Georgia residents may name a health care agent in their advance directive for health care so that this person can make decisions for them in a situation where they become incapacitated, according to Emory Healthcare. If this aspect of the estate plan is not in place, someone still may need to make medical decisions on another’s behalf in the event of a severe and sudden injury or illness. 

Without the incapacitated person’s directive, how does someone step in to take on those potentially life-altering medical decisions? 

Emergency guardianship petition 

According to the Supreme Court of Georgia, the person who is willing to perform the role of guardian to a ward in an emergency files a petition with the court. The petition includes information such as the relationship of the emergency guardian to the potential ward and the reason the emergency guardianship is necessary.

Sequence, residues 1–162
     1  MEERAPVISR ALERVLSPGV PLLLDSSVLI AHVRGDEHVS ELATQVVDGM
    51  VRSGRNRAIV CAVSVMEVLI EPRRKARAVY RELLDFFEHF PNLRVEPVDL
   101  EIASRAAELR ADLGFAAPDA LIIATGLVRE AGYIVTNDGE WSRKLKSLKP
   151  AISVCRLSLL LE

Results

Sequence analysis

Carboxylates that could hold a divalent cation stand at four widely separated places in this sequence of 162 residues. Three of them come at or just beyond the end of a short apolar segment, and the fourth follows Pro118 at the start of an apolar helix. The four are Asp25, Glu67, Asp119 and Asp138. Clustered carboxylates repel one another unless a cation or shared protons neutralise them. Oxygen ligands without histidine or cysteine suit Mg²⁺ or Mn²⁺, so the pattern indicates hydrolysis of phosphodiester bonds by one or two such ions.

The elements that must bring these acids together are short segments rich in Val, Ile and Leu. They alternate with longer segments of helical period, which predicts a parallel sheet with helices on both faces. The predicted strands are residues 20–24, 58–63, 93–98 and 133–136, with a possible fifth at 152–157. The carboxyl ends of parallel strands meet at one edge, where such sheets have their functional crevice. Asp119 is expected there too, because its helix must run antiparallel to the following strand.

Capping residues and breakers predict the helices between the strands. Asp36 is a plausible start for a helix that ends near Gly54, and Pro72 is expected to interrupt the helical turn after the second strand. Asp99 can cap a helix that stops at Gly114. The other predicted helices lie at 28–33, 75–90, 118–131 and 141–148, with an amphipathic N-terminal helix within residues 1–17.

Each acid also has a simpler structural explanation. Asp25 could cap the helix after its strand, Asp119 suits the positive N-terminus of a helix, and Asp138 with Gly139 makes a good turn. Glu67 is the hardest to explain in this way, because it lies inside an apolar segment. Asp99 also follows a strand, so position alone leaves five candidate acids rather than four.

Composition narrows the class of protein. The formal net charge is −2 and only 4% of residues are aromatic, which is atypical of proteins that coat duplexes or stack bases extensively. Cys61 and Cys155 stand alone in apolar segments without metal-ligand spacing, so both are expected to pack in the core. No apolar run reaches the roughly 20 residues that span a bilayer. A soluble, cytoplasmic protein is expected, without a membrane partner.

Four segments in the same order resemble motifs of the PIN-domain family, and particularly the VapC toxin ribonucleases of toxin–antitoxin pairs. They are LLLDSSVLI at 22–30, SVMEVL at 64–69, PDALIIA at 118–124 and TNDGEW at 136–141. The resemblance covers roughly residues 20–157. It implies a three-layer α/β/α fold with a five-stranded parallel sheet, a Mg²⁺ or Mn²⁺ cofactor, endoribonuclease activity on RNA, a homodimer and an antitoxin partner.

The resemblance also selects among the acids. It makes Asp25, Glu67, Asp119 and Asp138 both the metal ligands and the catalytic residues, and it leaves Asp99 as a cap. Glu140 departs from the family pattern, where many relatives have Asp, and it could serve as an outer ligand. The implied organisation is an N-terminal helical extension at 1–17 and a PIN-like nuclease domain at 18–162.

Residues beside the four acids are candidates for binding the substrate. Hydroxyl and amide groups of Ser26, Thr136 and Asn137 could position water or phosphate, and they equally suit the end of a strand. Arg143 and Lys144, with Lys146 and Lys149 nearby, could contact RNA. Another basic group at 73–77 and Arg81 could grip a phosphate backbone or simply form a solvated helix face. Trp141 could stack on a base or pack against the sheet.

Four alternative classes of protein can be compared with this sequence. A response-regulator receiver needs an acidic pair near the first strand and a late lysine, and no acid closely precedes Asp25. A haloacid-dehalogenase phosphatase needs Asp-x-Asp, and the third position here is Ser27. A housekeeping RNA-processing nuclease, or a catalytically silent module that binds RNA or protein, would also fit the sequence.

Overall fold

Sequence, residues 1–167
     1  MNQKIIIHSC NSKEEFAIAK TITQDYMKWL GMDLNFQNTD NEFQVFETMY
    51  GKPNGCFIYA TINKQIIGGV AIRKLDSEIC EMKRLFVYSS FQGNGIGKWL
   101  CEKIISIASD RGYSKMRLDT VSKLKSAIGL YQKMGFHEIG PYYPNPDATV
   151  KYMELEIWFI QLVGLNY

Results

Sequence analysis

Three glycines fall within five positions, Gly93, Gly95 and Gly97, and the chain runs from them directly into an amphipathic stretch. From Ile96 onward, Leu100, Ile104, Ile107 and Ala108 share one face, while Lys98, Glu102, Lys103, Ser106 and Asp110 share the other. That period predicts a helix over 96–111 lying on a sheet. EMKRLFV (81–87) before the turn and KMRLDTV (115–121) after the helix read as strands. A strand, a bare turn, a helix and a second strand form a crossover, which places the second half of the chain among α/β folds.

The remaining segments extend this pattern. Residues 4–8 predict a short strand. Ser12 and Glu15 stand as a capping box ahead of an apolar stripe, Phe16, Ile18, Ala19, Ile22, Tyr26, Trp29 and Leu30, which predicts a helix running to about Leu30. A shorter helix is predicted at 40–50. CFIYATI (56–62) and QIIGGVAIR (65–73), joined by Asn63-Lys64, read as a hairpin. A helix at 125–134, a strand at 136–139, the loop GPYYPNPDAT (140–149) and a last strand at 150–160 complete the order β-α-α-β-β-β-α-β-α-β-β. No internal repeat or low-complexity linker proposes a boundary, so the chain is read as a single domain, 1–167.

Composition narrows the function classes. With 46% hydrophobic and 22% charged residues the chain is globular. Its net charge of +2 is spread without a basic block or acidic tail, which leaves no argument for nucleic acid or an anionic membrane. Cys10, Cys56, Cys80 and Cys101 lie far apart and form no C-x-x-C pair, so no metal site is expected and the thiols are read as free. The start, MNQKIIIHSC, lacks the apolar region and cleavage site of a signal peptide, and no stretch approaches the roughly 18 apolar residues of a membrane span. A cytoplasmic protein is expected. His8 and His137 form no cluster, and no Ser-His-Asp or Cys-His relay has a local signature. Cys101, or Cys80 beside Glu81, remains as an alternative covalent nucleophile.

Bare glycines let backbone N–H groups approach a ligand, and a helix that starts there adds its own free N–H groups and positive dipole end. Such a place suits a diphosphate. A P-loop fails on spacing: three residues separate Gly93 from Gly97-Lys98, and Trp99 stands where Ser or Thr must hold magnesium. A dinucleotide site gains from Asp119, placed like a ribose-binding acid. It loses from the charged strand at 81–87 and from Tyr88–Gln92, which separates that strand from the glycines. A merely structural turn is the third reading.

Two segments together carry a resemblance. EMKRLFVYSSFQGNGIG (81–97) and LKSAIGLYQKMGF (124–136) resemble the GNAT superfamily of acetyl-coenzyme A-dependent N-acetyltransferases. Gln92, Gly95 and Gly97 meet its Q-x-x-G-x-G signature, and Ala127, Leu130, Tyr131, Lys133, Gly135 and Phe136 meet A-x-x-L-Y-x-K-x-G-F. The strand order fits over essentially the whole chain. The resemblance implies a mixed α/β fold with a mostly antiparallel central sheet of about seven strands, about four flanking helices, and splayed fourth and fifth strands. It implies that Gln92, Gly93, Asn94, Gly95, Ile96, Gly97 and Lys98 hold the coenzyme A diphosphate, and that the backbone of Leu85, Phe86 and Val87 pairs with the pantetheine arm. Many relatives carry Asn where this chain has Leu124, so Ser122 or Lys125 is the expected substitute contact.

Pre-hearing emergency guardianship 

The law calls for a hearing, but if the situation is so dire that the incapacitated person needs a guardian immediately, the court may designate a pre-hearing emergency guardian. A physician or social worker with a current license to practice must provide an affidavit stating that a delay could cause serious, irreparable harm. 

Even though the guardian may make medical decisions in this case, he or she may not make any withdrawals from the ward’s accounts or spend any of the ward’s funds. The court may require the pre-hearing emergency guardian to post a bond, and he or she must take an oath. 

The emergency guardianship hearing 

At the hearing, the potential guardian must prove through convincing evidence that the proposed ward really is incapacitated or unable to communicate his or her health care decisions and that the proposed ward faces serious harm without the emergency guardian’s assistance.